But America's strong patent protections aren't mere historical or Constitutional law curiosity.  To this day, independent measures of worldwide intellectual property protections place the U.S. atop their surveys.   As just two examples, both the U.S. Chamber of Commerce Global Intellectual Property Center and the Washington, D.C.-based Property Rights Alliance again placed the U.S. atop their 2016 worldwide rankings. 

The fruits of America's legacy of strong patent protection are clear.  From the telephone to powered flight to radio to television to the Internet, no nation in human history rivals our record of invention.  And as noted above, America's astonishing lead in creating life-saving and life-improving drugs also manifests that legacy. 

One would think that America had earned the world's gratitude for that role as the world's medicinal wellspring. 

Instead, illustrating the old adage that no good deed goes unpunished, the U.S. finds itself the target of United Nations enmity and kleptocratic design. 

Last year, U.N. Secretary-General Ban Ki-Moon convened a "High-Level Panel on Access to Medicines" with the explicit intention "to review and assess proposals and recommend solutions for remedying the policy incoherence between the justifiable rights of inventors, international human rights law, trade rules and public health in the context of health technologies."  In its official statement, the U.N. openly acknowledged its goal of determining "how WTO members can tailor national intellectual property law, competition law, government procurement and drug regulatory laws and regulations to fulfill public health obligations":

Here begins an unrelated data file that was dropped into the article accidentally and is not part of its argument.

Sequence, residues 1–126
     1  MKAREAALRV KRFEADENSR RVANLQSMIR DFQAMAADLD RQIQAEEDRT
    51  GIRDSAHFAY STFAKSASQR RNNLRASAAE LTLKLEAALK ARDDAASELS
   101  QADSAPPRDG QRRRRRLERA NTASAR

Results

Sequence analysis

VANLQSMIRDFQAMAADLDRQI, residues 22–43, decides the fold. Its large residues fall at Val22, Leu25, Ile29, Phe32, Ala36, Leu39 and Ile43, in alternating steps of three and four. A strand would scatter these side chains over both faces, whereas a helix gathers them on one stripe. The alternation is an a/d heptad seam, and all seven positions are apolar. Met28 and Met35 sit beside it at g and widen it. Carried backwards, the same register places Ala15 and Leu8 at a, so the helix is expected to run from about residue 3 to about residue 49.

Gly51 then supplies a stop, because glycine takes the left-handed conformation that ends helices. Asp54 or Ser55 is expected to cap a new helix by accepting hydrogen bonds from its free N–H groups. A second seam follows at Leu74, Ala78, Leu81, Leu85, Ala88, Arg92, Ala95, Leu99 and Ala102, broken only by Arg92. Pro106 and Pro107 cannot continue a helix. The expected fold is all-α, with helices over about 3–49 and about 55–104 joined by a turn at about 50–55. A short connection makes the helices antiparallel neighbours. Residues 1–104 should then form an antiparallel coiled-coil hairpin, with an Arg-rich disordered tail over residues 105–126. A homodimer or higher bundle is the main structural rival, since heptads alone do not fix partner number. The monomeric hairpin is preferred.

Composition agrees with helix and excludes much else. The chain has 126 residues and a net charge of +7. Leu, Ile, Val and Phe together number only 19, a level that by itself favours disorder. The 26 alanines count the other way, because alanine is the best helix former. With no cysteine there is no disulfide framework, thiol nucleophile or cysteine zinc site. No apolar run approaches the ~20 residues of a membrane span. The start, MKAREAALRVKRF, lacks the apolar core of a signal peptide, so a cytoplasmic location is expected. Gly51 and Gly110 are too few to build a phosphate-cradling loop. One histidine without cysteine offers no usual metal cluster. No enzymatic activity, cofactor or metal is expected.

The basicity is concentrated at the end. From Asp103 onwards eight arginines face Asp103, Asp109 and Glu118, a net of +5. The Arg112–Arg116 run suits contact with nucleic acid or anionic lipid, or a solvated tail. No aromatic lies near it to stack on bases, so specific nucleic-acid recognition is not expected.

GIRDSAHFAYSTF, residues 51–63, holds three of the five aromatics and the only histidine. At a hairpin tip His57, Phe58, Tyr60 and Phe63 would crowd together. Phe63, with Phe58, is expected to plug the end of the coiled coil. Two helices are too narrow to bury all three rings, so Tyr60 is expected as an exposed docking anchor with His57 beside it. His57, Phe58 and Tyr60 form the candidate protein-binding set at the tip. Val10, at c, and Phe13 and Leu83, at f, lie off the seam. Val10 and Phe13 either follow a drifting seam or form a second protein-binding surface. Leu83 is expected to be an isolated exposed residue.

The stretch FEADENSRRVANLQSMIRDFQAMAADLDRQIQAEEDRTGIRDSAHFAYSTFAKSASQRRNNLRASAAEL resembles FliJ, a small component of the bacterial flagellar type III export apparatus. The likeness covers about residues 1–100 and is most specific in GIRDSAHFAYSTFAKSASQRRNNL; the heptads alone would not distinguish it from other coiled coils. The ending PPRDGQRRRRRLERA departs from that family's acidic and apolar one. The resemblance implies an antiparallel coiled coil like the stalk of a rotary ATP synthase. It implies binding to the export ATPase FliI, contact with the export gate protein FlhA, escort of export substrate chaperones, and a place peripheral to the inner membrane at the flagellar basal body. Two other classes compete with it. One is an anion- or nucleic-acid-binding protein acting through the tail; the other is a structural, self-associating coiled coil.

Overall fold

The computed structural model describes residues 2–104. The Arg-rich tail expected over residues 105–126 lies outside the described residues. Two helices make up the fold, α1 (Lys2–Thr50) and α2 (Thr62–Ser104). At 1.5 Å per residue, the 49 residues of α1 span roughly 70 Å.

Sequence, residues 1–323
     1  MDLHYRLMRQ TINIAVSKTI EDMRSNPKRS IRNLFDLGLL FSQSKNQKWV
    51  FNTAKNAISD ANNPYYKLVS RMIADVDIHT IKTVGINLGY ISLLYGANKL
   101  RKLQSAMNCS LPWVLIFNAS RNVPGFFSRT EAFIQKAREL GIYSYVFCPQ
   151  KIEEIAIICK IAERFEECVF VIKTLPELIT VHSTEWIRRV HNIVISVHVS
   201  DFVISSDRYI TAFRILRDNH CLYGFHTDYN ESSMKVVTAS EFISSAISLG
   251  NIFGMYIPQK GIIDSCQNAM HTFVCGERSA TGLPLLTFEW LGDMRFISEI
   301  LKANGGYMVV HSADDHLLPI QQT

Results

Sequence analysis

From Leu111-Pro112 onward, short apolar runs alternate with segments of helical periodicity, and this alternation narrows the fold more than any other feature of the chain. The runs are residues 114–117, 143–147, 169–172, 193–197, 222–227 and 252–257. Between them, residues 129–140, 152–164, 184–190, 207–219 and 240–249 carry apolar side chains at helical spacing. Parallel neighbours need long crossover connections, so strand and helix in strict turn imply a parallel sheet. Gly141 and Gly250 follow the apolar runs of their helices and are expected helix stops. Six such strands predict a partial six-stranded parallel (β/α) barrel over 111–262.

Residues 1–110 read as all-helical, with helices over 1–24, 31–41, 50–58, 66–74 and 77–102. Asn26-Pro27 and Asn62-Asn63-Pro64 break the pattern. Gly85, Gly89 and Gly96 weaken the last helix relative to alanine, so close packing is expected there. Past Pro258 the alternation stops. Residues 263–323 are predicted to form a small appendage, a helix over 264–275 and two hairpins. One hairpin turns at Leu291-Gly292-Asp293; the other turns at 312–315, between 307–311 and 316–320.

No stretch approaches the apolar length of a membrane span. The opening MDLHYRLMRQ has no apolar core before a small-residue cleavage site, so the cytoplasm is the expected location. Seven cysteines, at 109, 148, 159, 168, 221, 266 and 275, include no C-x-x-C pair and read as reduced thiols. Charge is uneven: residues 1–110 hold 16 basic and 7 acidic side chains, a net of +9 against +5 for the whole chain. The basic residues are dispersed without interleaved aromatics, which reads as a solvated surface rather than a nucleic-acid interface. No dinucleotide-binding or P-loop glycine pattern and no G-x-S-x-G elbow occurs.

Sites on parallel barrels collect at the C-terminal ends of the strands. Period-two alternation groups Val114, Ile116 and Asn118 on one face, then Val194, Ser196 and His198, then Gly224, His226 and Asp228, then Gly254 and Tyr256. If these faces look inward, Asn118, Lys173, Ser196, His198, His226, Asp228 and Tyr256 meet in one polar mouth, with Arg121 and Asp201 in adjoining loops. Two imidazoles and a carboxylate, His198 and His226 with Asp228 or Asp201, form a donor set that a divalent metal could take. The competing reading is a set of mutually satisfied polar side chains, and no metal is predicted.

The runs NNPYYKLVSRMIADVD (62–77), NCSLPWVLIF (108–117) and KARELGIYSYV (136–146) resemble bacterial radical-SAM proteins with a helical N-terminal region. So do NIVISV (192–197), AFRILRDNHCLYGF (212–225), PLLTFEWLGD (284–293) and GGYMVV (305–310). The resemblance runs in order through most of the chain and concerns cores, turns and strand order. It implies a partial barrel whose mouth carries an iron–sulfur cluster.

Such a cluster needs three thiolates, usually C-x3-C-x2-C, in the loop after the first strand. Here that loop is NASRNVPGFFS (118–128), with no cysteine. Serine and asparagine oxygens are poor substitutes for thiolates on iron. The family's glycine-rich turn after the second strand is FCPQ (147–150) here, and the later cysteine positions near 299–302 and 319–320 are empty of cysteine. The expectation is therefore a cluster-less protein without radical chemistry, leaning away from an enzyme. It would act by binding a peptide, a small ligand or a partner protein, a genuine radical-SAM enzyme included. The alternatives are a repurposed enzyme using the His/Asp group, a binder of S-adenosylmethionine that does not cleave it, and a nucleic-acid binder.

[W]hile the world is witnessing the immense potential of science and technology to advance health care, gaps and failures in addressing disease burdens and emerging diseases in many countries and communities remain.  The misalignment between the right to health on the one hand and intellectual property and trade on the other, fuel this tension.

Translation:  The U.N. seeks to undermine property rights and medical innovation in the name of worldwide redistribution, with the U.S. patent system its obvious primary target. 

The problem, as illustrated by the correlation between America's strong patent system and its gaping lead in medical innovation, is that intellectual property rights don't undermine access to medicine, they fuel it.  Without the incentive to invest in potential new medicines, they simply won't get created in the first place.